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HP-UX 11i Version 3: February 2007

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sendmail — send mail over the Internet


/usr/sbin/sendmail [mode] [flags] [address ...]


sendmail sends a message to one or more recipients or addresses and routes the message over whatever networks are necessary. sendmail does internetwork forwarding as necessary to deliver the message to the correct place.

sendmail is not intended as a user interface routine. Other programs provide user-friendly front ends. sendmail is used only to deliver pre-formatted messages.

With no flags specified in the command line, sendmail reads its standard input up to an end-of-file or a line consisting only of a single dot (.) and sends a copy of the message found there to all of the addresses listed in the command line. It determines the network(s) to use based on the syntax and contents of the addresses, according to information in the sendmail configuration file. The default configuration file is /etc/mail/sendmail.cf.

Local addresses are looked up in a file and aliased appropriately, and sendmail also supports the use of NIS and LDAP for address lookup. Aliasing can be prevented by preceding the address with a backslash (\). Normally the sender is not included in any alias expansions. For example, if `john' sends to `group', and `group' includes `john' in the expansion, then the letter will not be delivered to `john'.

If newaliases is invoked, sendmail will rebuild the alias database. newaliases is identical to sendmail -bi. See newaliases(1M). Mail that is temporarily undeliverable is saved in a mail queue. If mailq is invoked, sendmail will print the contents of the mail queue. The mail queue files are in the directory /var/spool/mqueue. mailq is identical to sendmail -bp. See mailq(1).

For mail delivery failures, users get a Delivery Status Notification (DSN).

  • Note: DSNs resulting from attempts to relay a message to one or more recipients will contain a "Diagnostic-Code" message citing the reasons for failure. This message will not contain the user's address.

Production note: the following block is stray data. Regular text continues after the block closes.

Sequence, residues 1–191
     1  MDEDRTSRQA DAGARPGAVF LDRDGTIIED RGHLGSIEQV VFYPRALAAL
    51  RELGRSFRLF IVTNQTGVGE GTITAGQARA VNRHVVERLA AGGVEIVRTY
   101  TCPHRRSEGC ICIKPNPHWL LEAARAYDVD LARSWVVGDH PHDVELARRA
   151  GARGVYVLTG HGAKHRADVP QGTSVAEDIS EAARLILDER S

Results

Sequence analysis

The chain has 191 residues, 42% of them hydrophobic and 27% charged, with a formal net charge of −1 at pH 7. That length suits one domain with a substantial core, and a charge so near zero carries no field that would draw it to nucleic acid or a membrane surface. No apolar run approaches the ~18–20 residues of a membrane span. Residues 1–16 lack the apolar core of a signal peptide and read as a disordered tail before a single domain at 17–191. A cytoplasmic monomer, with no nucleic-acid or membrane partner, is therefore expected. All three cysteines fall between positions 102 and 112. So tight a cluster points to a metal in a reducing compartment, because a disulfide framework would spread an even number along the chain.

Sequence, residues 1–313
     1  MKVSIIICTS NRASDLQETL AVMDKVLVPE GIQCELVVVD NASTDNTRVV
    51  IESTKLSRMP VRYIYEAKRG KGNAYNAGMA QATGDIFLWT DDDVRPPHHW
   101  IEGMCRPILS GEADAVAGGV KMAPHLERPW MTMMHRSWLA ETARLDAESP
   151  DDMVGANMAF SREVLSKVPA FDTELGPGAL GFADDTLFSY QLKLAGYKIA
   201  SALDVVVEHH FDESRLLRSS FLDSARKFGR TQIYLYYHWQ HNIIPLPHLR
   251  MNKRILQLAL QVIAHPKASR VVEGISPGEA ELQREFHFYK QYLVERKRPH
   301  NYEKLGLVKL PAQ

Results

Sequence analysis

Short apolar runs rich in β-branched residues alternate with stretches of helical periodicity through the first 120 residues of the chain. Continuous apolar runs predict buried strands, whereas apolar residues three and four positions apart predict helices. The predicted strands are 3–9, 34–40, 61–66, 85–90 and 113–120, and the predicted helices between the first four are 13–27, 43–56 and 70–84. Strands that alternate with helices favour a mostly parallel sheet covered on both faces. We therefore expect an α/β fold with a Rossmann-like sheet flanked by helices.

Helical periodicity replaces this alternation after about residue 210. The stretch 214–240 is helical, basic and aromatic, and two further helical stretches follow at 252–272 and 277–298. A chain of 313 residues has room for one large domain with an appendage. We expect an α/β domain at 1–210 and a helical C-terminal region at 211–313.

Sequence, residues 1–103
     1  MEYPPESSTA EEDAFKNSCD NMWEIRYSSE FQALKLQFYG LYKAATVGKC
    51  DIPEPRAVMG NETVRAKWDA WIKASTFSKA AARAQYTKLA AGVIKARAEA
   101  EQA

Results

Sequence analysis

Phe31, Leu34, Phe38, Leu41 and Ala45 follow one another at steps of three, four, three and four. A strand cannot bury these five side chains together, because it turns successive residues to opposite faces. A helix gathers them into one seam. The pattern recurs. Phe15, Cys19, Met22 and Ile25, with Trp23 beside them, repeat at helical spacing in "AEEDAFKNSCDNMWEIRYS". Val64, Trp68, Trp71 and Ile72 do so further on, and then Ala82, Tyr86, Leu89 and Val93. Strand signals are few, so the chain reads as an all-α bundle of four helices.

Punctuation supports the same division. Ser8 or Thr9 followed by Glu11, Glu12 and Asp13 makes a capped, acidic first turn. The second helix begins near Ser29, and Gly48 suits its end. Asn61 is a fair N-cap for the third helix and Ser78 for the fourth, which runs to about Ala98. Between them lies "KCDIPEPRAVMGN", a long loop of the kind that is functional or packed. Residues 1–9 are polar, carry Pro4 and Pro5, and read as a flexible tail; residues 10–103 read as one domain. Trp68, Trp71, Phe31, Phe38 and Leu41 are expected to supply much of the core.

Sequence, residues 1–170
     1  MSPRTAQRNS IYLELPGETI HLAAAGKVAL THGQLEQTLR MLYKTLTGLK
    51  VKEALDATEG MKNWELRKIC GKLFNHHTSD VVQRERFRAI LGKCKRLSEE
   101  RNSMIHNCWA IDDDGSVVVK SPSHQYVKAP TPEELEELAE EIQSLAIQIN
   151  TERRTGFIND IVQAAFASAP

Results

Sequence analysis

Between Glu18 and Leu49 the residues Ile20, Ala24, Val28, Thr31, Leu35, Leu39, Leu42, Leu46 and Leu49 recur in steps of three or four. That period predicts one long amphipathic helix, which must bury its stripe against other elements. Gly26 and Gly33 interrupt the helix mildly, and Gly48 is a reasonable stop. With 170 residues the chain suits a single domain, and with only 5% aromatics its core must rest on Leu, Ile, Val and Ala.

A non-root user does not have access to the files and databases associated with sendmail, for example, /etc/mail/aliases, /etc/mail/aliases.*, /etc/mail/sendmail.st, and /etc/mail/sendmail.pid.

  • Note: Only root users are privileged to kill any sendmail process. Non-root users cannot send signals to their sendmail process.


sendmail recognizes the following arguments:


A mode selected from those described in the "Modes" subsection below. Only one mode can be specified. The default is -bm.


The address of a recipient. Several addresses can be specified.


A flag selected from those described in the "Flags" subsection below. Several flags can be specified.


sendmail operates in one of the following modes. The default is -bm, deliver mail in the usual way.


Go into ARPANET mode. All input lines must end with a CR-LF, and all messages will be generated with a CR-LF at the end. Also, the ``From:'' and ``Sender:'' fields are examined for the name of the sender.


Run as a daemon. sendmail will fork and run in background listening on socket 25 for incoming SMTP connections.


Run as a daemon, but run in foreground.


Print the persistent host status database.


Purge the persistent host status database.


Initialize the alias database for the mail aliases file. newaliases is identical to sendmail -bi. See newaliases(1M).


Deliver mail in the usual way (default).


Print a listing of the mail queue. mailq is identical to sendmail -bp. See mailq(1).


Use the SMTP protocol as described in RFC821 on standard input and output. This flag implies all the operations of the ba flag that are compatible with SMTP.


Run in address test mode. This mode reads addresses and shows the steps in parsing; it is used for debugging configuration tables.